I have heard people say that it is because Indian Railways is overstaffed, and I want to tell you that is not supported by the facts. If we look at IR staff productivity it stacks up pretty well against other passenger railways. It’s about 70 percent of the productivity of China railways and more than twice productivity of France and Germany! 
 
The issue is in ticket revenues. The Indian Railways revenues are way lower than other countries. Indian Railways revenue per passenger kilometre is less than one-fifth of China where the average salary is about the same. 
 
So what is international experience suggest to be done to address this issue. Well, given how low the rates are it does appear that there is some room to raise rates – something to consider and study. Rates could be indexed to cost and inflation.
 
It’s possible to enlist local support for local services. The Russian railways, for example, has put its suburban services into joint ventures with municipalities. So they share and support in the service. 
China railways develops high speed infrastructure with provincial government – again getting the local government to support the investment. 
In many countries, you can support loss making social services through government funded public service contract. Many, many countries do this. It’s possible to leverage passenger assets and footfall through advertising and developing station real estate. That can’t substitute for the other sources of the revenue. But it can be an excellent supplement. 
 
On infrastructure, the key corridors in the golden quadrilateral are saturated with trains. The dedicated fright corridor being built with WB and JICA (Japan International Cooperation Agency) support are part of the answer to this. But much more needs to be done. The ministry of railways has developed a concept of ‘India development fund’ to raise financing from the private sector for commercially viable infrastructure. But it’s the railway fund exercise demonstrated that financing depends on funding. The cash flows from freight, passenger and government have to be sufficient for financing that allows investment in new services. So addressing the low revenues from passenger service and growing the profitable freight service are key to be able to finance the expansion in infrastructure that’s needed.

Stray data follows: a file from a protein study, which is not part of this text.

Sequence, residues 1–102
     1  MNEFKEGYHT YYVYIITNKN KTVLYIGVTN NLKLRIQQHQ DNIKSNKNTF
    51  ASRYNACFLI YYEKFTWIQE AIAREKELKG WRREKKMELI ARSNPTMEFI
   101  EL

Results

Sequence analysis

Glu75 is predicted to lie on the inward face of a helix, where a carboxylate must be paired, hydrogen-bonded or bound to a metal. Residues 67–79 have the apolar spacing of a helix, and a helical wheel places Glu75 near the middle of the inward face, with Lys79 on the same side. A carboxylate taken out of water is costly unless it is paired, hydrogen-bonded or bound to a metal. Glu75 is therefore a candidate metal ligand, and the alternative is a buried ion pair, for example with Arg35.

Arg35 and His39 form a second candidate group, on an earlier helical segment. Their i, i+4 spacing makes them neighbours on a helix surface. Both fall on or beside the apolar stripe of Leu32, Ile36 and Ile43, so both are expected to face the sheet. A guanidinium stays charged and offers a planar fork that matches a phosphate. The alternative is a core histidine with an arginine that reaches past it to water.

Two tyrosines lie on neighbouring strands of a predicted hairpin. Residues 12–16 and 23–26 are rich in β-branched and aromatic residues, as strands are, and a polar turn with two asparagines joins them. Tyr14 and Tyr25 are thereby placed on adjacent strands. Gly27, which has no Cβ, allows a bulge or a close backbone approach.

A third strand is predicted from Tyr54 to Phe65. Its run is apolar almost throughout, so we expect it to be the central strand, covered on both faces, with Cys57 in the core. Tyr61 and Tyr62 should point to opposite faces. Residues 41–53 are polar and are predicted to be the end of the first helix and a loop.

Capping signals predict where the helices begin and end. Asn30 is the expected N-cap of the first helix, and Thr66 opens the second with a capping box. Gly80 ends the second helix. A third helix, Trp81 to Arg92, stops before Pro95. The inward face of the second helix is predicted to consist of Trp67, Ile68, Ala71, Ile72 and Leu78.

The three changes that international experience reflects to address the challenges dogging Indian railways are as follows: 1) turn the Indian railways into a state owned enterprise with financially separate passenger and freight units—acting under the mandate with sufficient independence to operate commercially. Every major railway in the world is functioning as a company. Russia, China and many others have made this change to be enable railways to be more commercial and market oriented. 
 
And when I raise this issue, which I know is a controversy in India, I would also like to emphasize the importance of the mandate and the independence to operate commercially. Without this corporatization it is just like moving the boxes around.
 
Second would be to encourage market pricing and contracting for freight services. Without services tailored to specific customers the railways can’t compete with trucks and expand profitable services that need financial help. 
 
Third would be to build the revenue sources for passenger services, so that the passenger services have the funding to support the needed investment and service improvements. 
 
I know that this simple-sounding ideas are not easy to implement but the market is there and with all the smart people, the Indian Railways, I assure you, can figure out how to do this and put itself back on virtuous cycle of growth investment and financial sustainability. 
 
(The Railways conclave was organised by Governance Now.)